What you don’t know, can’t hurt you.
Ignorance is bliss.
There are few, if any, instances in life — and certainly no instances in leadership — where this proves true. What you don’t know can hurt you.
Anyone who has been in leadership for any amount of time knows how painfully true it is that what you don't know can hurt your people, your customers, your reputation, and, ultimately, your ability to operate a successful, and sustainable, organization. If what you don’t know matters, getting insight into those blind spots is necessary work.
There is an alarmingly high percentage of leaders who simply don't understand organizational health. What differentiates a great leader from the rest is that they don't take this area of development as a personal affront—they acknowledge this is not an area that the business world has prepared them for, and they earnestly take on the task of educating themselves.
If you're one of those leaders who is ready to learn, read on, because these are four things most leaders don't understand about organizational health.
With that said, here’s what many leaders don’t get about organizational health:
A generation ago, “organizational health” meant health and safety in a physical sense. It was minimizing the risk of slips and falls or handing out PPE. (Still vital, of course!) But today, it has evolved to encompass psychological and emotional safety. It’s making space for people; it’s operating with transparency and vulnerability; it’s prioritizing trust and relationships; it’s collaborating and letting innovation thrive in an atmosphere that is unencumbered by fear.
While leaders may recognize this evolution, many do not dive deeply enough into organizational health. They stay in the shallows. How’s everything going? Good? Good. Do you feel safe and empowered to share your ideas? Yes? Good. Do you fear repercussions or reprisals for disagreement or challenging? No. Good. See, we’re fine. This is not indicative of organizational health.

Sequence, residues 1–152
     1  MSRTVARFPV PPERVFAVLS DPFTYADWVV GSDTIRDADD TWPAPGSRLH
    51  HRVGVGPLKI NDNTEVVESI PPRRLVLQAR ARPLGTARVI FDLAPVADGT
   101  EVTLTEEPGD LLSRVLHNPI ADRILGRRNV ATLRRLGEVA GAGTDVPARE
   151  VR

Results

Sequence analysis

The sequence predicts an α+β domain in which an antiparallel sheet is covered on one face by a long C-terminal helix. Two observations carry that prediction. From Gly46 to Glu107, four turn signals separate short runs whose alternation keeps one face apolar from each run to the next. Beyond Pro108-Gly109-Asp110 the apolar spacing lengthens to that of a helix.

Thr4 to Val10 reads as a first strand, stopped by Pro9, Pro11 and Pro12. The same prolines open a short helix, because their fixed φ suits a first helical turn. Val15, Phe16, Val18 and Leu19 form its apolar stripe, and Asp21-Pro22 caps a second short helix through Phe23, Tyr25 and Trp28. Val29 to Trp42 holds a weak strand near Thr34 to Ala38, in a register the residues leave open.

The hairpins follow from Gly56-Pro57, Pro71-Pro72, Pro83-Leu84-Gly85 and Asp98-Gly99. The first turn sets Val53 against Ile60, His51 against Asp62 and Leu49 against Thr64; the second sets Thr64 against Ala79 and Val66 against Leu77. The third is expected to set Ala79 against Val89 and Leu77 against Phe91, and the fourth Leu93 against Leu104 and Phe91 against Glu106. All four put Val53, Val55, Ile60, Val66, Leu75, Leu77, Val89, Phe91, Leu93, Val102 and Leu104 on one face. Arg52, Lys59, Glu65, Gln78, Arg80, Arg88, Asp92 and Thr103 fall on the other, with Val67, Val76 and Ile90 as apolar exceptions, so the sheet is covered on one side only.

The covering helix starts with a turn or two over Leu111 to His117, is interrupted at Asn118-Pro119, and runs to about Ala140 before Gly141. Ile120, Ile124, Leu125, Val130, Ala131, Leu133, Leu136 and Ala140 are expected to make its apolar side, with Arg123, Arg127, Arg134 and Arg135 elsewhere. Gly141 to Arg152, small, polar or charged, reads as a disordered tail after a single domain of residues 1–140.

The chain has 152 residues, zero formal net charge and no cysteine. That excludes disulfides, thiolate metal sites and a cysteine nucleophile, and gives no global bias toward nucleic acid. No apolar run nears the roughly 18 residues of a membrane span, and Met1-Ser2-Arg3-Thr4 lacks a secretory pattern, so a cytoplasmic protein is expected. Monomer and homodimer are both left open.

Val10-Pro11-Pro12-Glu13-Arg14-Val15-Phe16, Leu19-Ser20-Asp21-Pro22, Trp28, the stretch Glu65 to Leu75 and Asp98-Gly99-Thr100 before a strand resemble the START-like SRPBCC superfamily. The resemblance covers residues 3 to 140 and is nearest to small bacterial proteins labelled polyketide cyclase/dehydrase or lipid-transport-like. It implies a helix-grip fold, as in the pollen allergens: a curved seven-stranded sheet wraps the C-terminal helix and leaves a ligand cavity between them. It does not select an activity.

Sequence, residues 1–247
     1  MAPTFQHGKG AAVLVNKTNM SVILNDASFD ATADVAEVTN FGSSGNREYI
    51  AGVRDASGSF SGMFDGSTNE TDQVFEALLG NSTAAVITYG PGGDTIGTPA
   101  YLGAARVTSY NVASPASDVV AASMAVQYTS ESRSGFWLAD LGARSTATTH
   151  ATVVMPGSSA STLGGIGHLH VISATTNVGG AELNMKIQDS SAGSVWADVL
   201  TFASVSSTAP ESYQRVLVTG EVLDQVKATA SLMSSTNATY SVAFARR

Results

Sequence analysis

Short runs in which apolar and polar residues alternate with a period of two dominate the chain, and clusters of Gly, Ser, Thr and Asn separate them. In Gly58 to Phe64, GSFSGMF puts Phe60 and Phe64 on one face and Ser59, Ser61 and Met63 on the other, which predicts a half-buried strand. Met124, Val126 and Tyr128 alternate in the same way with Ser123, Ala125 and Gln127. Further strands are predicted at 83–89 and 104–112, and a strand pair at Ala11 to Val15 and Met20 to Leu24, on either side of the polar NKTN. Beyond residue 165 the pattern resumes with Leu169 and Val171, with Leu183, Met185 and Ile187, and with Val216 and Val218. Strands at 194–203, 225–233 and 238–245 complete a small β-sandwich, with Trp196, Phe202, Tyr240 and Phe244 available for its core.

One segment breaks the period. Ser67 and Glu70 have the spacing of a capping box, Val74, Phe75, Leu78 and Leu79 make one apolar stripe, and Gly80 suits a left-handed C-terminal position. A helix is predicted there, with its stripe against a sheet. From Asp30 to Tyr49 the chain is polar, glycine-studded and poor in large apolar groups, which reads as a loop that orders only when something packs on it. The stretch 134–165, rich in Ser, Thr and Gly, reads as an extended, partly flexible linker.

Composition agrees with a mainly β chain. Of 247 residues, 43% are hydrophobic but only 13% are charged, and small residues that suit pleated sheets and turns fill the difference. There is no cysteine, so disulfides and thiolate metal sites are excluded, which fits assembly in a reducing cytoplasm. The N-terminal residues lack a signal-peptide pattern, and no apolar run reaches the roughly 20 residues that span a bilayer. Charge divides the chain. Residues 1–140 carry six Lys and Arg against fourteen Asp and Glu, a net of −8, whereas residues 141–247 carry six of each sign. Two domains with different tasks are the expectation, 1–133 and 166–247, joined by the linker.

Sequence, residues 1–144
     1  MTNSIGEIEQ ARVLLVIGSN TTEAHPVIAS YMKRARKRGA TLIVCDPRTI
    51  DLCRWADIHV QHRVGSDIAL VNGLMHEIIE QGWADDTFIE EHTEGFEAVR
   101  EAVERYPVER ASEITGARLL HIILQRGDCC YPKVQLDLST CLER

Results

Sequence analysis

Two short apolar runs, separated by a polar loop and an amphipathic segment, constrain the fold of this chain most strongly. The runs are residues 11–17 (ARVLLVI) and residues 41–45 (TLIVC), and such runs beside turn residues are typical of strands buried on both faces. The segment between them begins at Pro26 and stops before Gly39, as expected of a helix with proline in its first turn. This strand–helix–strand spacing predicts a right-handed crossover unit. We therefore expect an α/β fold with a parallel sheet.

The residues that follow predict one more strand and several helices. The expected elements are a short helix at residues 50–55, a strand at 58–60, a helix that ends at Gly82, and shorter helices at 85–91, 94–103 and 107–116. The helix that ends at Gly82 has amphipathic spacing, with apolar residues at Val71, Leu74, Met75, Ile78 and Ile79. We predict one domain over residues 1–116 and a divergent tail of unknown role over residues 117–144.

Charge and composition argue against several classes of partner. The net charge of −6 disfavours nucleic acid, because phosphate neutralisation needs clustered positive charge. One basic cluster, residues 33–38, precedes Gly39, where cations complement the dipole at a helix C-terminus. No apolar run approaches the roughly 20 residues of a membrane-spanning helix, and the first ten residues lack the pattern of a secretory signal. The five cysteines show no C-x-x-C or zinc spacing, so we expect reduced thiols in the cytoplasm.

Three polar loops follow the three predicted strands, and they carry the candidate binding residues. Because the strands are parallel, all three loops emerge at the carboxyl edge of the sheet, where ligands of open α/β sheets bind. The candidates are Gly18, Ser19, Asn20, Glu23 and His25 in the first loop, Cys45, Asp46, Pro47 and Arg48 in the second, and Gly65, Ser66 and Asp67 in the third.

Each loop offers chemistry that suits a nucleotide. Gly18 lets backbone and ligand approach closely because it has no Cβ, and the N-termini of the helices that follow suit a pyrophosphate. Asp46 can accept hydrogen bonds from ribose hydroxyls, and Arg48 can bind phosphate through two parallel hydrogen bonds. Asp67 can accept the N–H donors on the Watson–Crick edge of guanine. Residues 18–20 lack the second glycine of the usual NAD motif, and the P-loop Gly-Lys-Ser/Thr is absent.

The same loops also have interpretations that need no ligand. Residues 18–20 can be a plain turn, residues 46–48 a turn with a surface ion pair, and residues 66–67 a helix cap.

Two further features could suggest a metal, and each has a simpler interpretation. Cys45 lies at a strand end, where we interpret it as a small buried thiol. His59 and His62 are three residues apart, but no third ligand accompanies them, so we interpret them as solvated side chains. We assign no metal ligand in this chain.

It’s like passing someone in the hall and saying, “Hi, how are you?” and continuing on your way without slowing a step. The rote answer is “Fine.” Good. We’re good. But maybe we’re not. Maybe – likely – there’s more going on beneath the surface. These uncharted depths are where we need to explore. And we don’t go deeper for “feel-good” results — we go deeper to make your organization more effective.
It’s not you, it’s me.
This isn’t just a pat line — it’s a fundamental leadership truth. This isn’t about your team. They are reacting to you. It all comes from you. When something goes wrong, for example, the instant reaction is to blame. Anyone but you. You blame the warehouse. They prove it’s not their fault. So you blame your team. You don’t look at the why. It’s subconscious (you don’t really strive to be a jerk!). There may not be “fault,” per se. But there should always be accountability, and this starts with you.
Your people are looking to you. What do they see? A leader who is rushed and doesn’t lift his head from this phone as he strides by but expects his team to communicate effectively? A leader who fails to interact on a meaningful level with her people but expects them to function cohesively together? The bottom line is that issues on the team cannot be solved unless you first look at yourself.
If you are reading this, and it’s obviously not you… You are exactly who needs to see this. The ideas and concepts that trigger us are almost always the ideas and concepts we need help understanding — and implementing.
Think about people who want to lose weight and hop on every new trendy diet that claims to banish fat, opt into every it workout that promises to melt pounds, buy every piece of equipment that makes exercise effortless, and read every book, article, and blog about meeting their goals fast and easily. Guess what?
It does not work.
The same is true of leaders who embrace every new buzzword, order a copy of every new book, or sign up for every workshop that says it holds the key to improving organizational health and results. Guess what?
It does not work.
This is an ongoing process, and you need to be in the trenches. Learning. Growing. Trying. Assessing. Implementation is where the magic starts to happen. When you lean into it, accepting the one step forward two steps back reality, it does work.
HR has many vital roles — managing organizational health isn’t one of them. As a leader, you must take accountability for this piece. You can’t talk the talk, as it were, and then put the hard work of walking the walk onto others. Everyone has a role, yes, but you are the leader. It all starts, and ends, with you.
What you don’t know about organizational health can, and will, hurt you as a leader. It can, and will, hold you back and negatively impact the whole. Now you know. Now you can do better by those who are counting on you to lead them through.